Dixie noted, “This show isn’t just for the ladies. When guys come out they have just as much fun. Everyone has a good time. Bring a date, come with friends, it’s a show for everyone, cheeky but not vulgar. Just leave the little kids at home, they don’t have to know about food storage anyway.”

This Drama Desk Award nominated show is filled with outrageously funny stories and homespun wisdom. It is the sweetest treat for the upcoming holidays, because it is a hilarious experience that will lift your spirits and can be enjoyed by couples, groups of friends, and individuals who just want the laughter to flow and forget their worries. Dixie said, “The Party will leave your heart a little bigger and your food a little fresher.”

Produced by Down South LLC, directed by Patrick Richwood, and written by Kris Andersson, the production is part of the 11th season of “Dixie’s Tupperware Party” national tour that has so far logged over 1,300 performances worldwide. The show contains some risqué content, but would be enjoyable for ages 16 and up.

“Dixie’s Tupperware Party”  plays November 28 to December 30 at the Kirk Douglas Theatre, 9820 Washington Blvd., Culver City, CA 90232. Three-hour FREE parking available at Culver City City Hall with validation. Enter on Duquesne Ave. For tickets go to, or phone 213-628-2772. For Group Sales email This email address is being protected from spambots. You need JavaScript enabled to view it. or call 213-972-7231.

At the Kirk Douglas, ‘Quack’ doesn’t duck issues, but it raises too many

--Los Angeles Daily News  October 30, 2018


When Neel Keller directs a play, the audience is sure to see two elements. One is memorable scenic design, with settings and scene changes we could only have imagined. The other element is atypical characters with something of import to say. In the case of “Quack,” they have a bit too much to say, and that puts a damper on an otherwise intelligent script.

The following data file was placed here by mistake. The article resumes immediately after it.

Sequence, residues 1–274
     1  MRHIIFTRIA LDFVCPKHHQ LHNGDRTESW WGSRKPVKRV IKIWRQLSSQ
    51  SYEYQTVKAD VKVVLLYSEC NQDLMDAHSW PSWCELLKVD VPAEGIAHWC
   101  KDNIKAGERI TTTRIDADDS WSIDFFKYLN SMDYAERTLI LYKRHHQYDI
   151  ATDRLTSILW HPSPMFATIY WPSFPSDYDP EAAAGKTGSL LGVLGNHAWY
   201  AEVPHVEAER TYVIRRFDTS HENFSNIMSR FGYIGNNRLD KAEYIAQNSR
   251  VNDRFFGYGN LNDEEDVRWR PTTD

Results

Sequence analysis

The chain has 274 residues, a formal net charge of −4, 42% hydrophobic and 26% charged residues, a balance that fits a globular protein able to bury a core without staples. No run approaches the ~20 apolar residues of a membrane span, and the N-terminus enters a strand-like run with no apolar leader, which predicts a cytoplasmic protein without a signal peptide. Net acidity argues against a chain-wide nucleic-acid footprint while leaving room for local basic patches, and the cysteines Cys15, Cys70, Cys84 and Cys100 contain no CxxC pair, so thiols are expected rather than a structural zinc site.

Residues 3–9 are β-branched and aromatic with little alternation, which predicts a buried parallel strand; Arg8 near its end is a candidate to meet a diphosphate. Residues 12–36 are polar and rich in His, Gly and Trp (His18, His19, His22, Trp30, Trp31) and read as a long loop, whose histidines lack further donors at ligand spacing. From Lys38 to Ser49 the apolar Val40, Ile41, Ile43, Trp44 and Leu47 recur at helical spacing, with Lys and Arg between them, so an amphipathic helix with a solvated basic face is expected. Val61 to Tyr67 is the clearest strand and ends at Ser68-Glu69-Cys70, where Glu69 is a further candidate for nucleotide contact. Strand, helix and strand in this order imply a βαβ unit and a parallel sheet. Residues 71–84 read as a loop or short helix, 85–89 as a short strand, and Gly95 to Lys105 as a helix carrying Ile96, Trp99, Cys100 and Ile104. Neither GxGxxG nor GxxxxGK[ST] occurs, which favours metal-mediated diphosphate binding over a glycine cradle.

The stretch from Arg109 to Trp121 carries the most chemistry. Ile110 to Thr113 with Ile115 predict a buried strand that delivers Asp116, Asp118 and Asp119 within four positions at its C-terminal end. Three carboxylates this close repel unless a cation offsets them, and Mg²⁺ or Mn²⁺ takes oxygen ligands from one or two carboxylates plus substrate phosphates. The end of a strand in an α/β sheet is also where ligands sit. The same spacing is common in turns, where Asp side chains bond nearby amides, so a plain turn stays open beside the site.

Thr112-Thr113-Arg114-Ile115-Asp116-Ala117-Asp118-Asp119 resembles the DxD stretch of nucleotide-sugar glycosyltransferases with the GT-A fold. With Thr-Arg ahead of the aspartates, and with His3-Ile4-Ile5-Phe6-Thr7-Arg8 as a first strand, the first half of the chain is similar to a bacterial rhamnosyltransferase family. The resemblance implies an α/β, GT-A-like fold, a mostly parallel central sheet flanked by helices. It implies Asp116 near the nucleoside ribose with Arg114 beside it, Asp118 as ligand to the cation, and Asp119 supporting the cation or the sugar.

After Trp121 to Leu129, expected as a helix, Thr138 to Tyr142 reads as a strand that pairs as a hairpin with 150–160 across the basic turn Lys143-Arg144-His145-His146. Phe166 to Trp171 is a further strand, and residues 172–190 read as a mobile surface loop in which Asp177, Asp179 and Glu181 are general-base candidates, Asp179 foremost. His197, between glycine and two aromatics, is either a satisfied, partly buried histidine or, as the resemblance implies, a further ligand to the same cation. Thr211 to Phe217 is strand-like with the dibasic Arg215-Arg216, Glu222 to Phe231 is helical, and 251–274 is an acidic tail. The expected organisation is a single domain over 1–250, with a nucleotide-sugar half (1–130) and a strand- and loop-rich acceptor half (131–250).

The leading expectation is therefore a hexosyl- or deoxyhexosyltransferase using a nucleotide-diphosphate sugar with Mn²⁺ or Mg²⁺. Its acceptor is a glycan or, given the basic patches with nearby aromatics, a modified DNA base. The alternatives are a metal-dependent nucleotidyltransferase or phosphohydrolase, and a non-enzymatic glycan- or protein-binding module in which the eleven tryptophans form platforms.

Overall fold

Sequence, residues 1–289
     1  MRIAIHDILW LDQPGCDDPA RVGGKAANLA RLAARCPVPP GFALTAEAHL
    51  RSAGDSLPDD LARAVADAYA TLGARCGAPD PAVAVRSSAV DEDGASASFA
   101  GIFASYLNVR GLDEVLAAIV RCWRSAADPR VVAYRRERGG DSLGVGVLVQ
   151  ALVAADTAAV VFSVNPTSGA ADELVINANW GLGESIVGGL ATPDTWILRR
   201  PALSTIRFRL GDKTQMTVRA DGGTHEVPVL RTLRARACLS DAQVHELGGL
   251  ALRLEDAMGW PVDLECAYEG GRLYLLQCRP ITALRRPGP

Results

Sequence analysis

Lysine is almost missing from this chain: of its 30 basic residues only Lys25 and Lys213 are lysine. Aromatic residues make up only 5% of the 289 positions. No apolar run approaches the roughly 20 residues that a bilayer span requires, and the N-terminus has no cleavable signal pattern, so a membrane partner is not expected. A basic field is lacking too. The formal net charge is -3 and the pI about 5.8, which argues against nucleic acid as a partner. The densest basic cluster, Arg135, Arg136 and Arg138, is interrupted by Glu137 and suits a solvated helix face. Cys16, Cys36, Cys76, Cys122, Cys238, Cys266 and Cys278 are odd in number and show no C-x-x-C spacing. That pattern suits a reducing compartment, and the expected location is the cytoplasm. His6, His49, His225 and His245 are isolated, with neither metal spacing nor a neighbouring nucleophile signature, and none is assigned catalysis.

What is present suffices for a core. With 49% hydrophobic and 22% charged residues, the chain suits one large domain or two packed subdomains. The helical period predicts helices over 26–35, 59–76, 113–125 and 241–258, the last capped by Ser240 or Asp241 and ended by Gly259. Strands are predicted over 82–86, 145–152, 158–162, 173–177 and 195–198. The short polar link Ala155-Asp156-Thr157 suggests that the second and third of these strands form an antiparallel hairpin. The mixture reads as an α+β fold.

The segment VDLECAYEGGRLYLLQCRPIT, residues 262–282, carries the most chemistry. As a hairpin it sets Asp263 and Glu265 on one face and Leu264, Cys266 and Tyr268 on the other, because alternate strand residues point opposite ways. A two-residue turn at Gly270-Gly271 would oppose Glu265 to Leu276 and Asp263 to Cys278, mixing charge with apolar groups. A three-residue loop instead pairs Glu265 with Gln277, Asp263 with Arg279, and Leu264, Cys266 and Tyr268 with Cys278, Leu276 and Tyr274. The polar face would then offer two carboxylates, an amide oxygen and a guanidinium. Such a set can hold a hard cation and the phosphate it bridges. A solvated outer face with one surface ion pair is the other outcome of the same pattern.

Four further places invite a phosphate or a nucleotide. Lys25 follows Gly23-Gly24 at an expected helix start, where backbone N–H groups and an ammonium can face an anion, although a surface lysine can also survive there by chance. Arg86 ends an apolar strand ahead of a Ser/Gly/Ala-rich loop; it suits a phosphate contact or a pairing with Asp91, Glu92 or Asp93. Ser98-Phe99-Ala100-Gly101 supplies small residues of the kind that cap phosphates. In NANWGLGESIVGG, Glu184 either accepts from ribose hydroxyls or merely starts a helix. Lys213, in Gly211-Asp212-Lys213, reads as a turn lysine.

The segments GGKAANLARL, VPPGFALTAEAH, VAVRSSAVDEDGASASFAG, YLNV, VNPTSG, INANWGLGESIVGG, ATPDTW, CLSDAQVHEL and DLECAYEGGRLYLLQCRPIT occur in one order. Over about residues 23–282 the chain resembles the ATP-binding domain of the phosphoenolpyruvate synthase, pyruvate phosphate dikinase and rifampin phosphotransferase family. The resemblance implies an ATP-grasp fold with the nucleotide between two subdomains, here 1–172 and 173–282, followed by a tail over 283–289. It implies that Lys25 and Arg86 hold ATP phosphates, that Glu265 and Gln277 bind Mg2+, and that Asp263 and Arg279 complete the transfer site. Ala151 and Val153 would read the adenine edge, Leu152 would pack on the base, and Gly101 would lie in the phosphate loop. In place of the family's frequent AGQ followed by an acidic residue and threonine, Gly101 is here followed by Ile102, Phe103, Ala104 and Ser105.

In this handsome world premiere at Culver City’s Kirk Douglas Theatre through Nov. 18, playwright Eliza Clark tackles misogyny, the medical profession, weight and body image, friendship, the workplace, the internet, marriage, money, status and probably more. Her play talks so much, for two hours, without intermission, without taking a breath, that she has made it difficult to fathom what it’s about at its core.

We remember the characters, though, helped in large part by a committed cast. The story centers on Dr. Irving Baer (Dan Bucatinsky), a physician who has become a major celebrity, dispensing medical advice via his popular television show. He says he’s guiding people toward health — or, it seems, toward whatever the majority of them want to hear.

His first concern about his audience seems to be weight control. But, his having commented on vaccinations, now those repercussions are slamming into him.

Wow, can Dr. Baer argue both sides of a medical debate, coming down right on the fence pole. He talks about healthcare to millions of viewers, never consulting with a single one of them, and yet when necessary he hides behind specializing in endocrinology.

He’s making money hand over fist (which, by the way, best describes his golf stance). And then a hit piece on him comes out, written by blogger River Thumbolt (Shoniqua Shandai), and she becomes an instant celebrity while his reputation is damaged, perhaps irreparably. But she’s seemingly untruthful, in her blogs and in her book about her weight-loss journey, though her tale of growing up obese rings genuine and personal.

Here, Clark gets in her digs about the internet era. “Can you imagine a life where everything you’ve ever said is being written down for people to pore over later, to meticulously comb through for mistakes?” the doc asks.

The doctor’s wife, Meredith (Jessalyn Gilsig), who runs a diet empire, is fuming. Her personality is tightly wound, but so are her finances, in this case around his. The doctor’s TV sidekick and self-appointed office assistant, Kelly (Jackie Chung), seems much more docile, rational, protective.